Computer Science Department
School of Computer Science, Carnegie Mellon University


Identifying the Signaling Cascades and Regulatory
Mechanisms that Control Stress Responses

Anthony Gitter

May 2012

Ph.D. Thesis


Keywords: Transcriptional regulation, time series gene expression, protein-protein interactions, biological networks, redundancy, osmotic stress, influenza, factor graph

Adaptation to diverse and ever-changing environmental conditions is vital to the survival of all organisms. From single-celled organisms reacting to changes in the chemical makeup of their surroundings to human cells fighting off infection, there are many global similarities across stress responses. In general, sensory proteins detect environmental perturbations and, via signaling cascades, alert specific transcription factors to adjust gene regulation and counteract negative effects of the stress. In this thesis, we present the challenges that arise when trying to understand such responses and propose computational methods for developing end-to-end models of stress response.

One primary goal when modeling the reaction to environmental perturbations is to determine the sensory proteins (sources) and transcription factors (targets) that form the endpoints of the directed signaling pathways. Many previous approaches rely on gene deletions for this task; however, we show that this strategy is unreliable due to widespread redundancy in transcriptional regulatory networks, which can mask the effects of a knockout. Instead, we propose to utilize condition-specific dynamic gene expression data to identify the transcription factors that control the divergence points in groups of gene expression profiles. We then construct a network of undirected physical protein interactions, the backbone of signaling pathways, and search for an optimal orientation of the network that connects the sensory proteins, which are already known in many conditions of interest, and the predicted active transcription factors.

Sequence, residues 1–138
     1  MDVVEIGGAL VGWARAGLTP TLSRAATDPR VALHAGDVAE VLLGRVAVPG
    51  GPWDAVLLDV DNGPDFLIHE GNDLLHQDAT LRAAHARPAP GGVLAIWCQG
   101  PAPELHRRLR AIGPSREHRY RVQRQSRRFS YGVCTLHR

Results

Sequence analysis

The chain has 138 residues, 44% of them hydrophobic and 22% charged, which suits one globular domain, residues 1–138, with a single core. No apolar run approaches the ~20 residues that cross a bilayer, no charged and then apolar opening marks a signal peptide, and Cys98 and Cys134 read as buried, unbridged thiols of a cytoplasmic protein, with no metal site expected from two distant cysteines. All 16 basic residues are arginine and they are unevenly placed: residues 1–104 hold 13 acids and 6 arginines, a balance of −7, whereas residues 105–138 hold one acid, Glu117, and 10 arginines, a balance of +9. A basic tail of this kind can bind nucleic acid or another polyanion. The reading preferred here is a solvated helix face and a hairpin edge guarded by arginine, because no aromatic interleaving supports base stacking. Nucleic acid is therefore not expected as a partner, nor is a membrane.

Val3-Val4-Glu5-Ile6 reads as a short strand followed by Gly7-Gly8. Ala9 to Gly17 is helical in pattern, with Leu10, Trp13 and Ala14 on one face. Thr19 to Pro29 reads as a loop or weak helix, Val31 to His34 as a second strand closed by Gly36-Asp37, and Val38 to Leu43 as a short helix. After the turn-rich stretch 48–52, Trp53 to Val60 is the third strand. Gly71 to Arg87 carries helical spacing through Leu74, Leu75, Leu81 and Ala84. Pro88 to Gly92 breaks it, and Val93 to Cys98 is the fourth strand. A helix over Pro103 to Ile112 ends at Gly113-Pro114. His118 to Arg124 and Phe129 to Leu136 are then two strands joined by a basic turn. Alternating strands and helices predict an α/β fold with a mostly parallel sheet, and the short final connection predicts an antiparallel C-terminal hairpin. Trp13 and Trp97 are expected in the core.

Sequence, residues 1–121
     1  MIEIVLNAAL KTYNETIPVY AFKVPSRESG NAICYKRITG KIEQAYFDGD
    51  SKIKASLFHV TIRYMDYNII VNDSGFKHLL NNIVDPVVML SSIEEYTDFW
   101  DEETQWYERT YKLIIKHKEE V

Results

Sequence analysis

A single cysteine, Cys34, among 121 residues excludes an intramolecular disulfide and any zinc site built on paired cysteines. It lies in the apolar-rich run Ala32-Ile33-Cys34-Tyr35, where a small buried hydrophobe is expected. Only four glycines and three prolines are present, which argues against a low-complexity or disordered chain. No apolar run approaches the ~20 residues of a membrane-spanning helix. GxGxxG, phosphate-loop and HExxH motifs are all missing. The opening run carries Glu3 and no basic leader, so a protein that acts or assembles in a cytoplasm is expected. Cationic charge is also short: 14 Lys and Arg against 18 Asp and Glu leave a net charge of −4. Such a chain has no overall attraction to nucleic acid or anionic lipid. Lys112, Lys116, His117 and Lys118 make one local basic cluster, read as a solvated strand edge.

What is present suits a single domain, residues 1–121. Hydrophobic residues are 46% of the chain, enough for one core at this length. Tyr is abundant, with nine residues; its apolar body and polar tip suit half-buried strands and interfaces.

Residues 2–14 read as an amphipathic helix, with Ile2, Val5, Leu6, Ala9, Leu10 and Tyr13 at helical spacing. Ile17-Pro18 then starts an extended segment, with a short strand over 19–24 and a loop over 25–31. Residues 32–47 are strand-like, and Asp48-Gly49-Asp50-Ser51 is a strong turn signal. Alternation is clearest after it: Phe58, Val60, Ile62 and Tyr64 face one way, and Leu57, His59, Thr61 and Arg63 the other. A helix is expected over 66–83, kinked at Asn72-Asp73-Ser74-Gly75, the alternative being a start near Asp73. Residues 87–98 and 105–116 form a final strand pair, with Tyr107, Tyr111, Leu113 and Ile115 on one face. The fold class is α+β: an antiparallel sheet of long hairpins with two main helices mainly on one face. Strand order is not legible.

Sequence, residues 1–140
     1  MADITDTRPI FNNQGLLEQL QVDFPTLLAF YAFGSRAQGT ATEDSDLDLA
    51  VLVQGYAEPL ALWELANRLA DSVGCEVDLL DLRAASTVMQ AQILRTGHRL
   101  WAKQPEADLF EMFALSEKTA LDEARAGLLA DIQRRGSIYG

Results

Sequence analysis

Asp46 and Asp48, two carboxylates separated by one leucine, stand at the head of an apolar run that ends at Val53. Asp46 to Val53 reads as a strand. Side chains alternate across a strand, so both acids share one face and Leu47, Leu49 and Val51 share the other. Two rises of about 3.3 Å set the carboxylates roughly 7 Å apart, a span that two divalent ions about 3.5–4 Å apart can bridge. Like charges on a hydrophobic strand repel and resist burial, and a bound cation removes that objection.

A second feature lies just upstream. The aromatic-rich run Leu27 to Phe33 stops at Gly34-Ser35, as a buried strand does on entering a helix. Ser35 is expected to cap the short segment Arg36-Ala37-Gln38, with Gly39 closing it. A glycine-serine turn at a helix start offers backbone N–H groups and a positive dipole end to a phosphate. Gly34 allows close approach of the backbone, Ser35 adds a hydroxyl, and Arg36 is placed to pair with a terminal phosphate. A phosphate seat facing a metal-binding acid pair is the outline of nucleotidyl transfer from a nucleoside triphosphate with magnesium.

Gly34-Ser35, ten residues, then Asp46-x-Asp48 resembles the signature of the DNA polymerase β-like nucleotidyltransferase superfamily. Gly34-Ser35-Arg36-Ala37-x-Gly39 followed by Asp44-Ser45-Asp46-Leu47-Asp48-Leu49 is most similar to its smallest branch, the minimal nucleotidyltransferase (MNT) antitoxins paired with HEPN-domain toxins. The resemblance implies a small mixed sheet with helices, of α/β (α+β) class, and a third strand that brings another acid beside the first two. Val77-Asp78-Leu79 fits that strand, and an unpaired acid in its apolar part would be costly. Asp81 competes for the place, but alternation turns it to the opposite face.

Analysis of yeast signaling pathways reveals that our predicted interaction orientations are generally consistent with known annotations but also contain novel orientations that are biologically valid. Through a detailed analysis of yeast hyperosmotic stress, we demonstrate our method's ability to construct accurate end-to-end models and identify not only the transcription factors that are active in the response, but also when they are active and how they receive messages from upstream sensors. We also discuss the challenges of scaling to human interaction networks and how to overcome them. Comparative analysis of several strains of influenza demonstrates how our models can be used to identify genes with clinical relevance in the immune response to pathogens. Lastly, we explore alternative computational models for stress response that have a global probabilistic interpretation.

160 pages

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